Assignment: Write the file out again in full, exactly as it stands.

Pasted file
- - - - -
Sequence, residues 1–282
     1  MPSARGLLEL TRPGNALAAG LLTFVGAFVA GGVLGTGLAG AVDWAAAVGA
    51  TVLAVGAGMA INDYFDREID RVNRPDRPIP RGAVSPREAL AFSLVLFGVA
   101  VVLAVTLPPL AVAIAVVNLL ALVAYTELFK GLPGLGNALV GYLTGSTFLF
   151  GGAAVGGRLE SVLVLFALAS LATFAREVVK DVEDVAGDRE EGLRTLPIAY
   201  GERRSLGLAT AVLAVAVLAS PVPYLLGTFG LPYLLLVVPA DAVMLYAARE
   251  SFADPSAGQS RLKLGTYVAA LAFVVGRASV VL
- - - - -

Sequence, residues 1–282
     1  MPSARGLLEL TRPGNALAAG LLTFVGAFVA GGVLGTGLAG AVDWAAAVGA
    51  TVLAVGAGMA INDYFDREID RVNRPDRPIP RGAVSPREAL AFSLVLFGVA
   101  VVLAVTLPPL AVAIAVVNLL ALVAYTELFK GLPGLGNALV GYLTGSTFLF
   151  GGAAVGGRLE SVLVLFALAS LATFAREVVK DVEDVAGDRE EGLRTLPIAY
   201  GERRSLGLAT AVLAVAVLAS PVPYLLGTFG LPYLLLVVPA DAVMLYAARE
   251  SFADPSAGQS RLKLGTYVAA LAFVVGRASV VL